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Maybe I just got caught up into the time of year and the long-held belief that Santa comes to those who are nice, not naughty. Or maybe it was the John Templeton quote Barry Simmons put out there during his comments at our company holiday party this week. It’s nice to be important, but it’s more important to be nice. Being nice is something we all need to be reminded of every once in a while, particularly if you manage people.
Dictionary.com defines the word nice three ways. First there is pleasing, agreeable, and delightful. The example might be my manager is nice. How do I integrate this idea into my managerial style? As managers we don’t want to just agree with our direct reports about a particular issue in order to be considered nice, particularly when we don’t agree to begin with. At the same time we need to be reminded of our style or the way we come across in our routine interactions. If we keep it all business, and constantly remind our reports of our superior understanding and authority, we create a unpleasing persona. The key here is to treat others like we want to be treated, while at the same time fulfilling our responsibilities as managers.
Then there is the second idea of kind. An example might be my manager is nice to our customers. Rest assured that if you are a manager, your people watch what you do and give it more weight than what you say. To me the attitude of kindness reflects selflessness. It is the attitude of serving others as your mission. It’s opening the door for someone with their hands full, or reaching out to show concern when someone is suffering. Being kind shows emotional maturity. For managers, it’s the opposite of demanding and berating.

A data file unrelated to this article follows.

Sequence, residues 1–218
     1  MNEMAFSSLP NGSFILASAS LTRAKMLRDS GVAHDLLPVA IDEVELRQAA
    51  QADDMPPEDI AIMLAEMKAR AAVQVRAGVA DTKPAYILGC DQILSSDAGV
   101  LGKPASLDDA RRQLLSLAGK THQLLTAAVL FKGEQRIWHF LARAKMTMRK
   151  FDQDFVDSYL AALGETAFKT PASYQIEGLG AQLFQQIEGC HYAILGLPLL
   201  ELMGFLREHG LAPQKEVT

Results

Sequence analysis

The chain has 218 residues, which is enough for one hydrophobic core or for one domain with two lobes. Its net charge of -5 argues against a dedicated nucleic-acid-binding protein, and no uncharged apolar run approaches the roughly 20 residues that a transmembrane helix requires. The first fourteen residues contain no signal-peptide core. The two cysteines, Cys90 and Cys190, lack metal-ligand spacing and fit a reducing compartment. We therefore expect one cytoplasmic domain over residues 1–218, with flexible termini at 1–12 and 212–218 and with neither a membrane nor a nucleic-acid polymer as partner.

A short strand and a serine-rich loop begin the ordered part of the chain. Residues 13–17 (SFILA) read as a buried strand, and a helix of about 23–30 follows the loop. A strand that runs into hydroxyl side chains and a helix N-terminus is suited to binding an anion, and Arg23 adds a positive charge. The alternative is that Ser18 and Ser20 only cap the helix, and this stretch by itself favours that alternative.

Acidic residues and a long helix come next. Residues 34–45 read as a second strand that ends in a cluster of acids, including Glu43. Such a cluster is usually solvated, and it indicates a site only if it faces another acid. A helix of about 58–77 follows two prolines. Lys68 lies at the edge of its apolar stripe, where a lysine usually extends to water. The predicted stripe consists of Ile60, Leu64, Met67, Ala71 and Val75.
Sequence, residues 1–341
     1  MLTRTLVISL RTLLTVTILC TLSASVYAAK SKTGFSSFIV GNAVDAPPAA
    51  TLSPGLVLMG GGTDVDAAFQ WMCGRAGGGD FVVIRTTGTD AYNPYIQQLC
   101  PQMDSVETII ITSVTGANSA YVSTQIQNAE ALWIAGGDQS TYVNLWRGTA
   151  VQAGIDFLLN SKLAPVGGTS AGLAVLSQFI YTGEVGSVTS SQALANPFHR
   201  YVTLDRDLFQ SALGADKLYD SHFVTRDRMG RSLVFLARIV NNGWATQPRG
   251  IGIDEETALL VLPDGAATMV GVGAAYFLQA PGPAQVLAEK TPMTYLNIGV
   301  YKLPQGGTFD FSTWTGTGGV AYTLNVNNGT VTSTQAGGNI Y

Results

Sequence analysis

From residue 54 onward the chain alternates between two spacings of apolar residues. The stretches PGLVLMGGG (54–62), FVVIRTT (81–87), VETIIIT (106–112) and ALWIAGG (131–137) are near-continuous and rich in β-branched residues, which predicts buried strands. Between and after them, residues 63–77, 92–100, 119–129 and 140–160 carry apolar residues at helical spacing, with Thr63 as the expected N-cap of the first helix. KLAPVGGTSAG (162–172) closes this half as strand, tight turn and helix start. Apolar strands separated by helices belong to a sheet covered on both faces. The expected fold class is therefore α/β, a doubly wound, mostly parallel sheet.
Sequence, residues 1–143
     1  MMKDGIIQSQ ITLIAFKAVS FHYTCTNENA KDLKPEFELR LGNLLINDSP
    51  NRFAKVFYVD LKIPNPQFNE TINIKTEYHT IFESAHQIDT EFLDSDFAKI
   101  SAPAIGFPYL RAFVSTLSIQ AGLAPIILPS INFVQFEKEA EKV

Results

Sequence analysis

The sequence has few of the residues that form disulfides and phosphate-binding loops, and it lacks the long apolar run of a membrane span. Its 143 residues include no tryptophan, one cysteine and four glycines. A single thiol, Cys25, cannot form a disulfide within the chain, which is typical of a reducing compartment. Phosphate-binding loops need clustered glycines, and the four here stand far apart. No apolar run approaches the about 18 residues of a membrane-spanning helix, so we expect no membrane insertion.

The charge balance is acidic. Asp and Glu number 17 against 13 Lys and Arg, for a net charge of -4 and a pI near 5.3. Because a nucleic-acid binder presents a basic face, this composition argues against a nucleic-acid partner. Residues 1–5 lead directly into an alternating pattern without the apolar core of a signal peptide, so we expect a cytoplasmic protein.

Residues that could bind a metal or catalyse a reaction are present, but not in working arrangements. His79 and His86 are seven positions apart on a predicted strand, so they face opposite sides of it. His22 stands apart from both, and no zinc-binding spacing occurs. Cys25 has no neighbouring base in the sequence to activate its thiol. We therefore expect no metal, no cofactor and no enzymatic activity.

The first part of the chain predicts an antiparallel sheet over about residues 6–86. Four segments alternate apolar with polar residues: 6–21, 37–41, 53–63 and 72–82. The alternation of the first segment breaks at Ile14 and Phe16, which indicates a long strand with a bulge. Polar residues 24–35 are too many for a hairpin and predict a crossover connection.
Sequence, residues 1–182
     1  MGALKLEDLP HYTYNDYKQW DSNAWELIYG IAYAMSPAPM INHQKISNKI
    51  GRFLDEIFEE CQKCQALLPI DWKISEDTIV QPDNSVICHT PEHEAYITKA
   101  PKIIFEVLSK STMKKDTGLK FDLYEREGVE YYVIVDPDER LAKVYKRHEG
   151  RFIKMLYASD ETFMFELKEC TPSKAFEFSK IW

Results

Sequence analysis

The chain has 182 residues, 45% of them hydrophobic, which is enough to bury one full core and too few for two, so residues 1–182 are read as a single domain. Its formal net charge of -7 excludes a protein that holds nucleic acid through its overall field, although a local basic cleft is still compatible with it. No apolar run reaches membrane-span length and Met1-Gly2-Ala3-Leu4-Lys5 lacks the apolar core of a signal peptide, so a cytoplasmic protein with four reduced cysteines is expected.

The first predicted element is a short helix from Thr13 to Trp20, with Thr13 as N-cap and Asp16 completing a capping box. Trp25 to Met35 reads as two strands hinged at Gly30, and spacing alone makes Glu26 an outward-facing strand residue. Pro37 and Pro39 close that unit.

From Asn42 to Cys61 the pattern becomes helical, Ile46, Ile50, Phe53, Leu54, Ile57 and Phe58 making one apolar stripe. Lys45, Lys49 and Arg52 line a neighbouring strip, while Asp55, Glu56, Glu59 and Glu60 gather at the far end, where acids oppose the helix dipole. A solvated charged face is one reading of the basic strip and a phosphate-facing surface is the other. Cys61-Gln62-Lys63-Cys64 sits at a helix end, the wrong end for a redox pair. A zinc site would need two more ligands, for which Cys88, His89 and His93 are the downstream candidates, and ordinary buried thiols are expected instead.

I’m a Tim McGraw fan. He released a hit song in 2016 titled “Humble and Kind”. The lyrics are worthy of some consideration when we are thinking about this component of nice.
Finally we have the idea of showing great skill, tact, care, or delicacy. An example might be she did a nice job of handling a difficult situation. As managers we need to develop skills in dealing with others and seek to become masters of our craft. We’ve talked before about management is the art and science of achieving results with and through the voluntary cooperation of others. Being competent and seeking constant improvement is critical.
Being Nice is Good For You
I found a Huffington Post article from 2014 that speaks to why being nice is good for you. Among some of the ideas was that being nice is good for you because it improves your mood and may lead to increased longevity. Being nice also may actually improve your career success because people generally like to be around nice people.
Over the next few days, make it a point to look for examples of nice wherever you find yourself. Consider the three different aspects of nice: pleasing, kind, and competent. Identify growth opportunities for yourself in these three dimensions. What does being a nice manager who treats people nicely and does a nice job look like for you?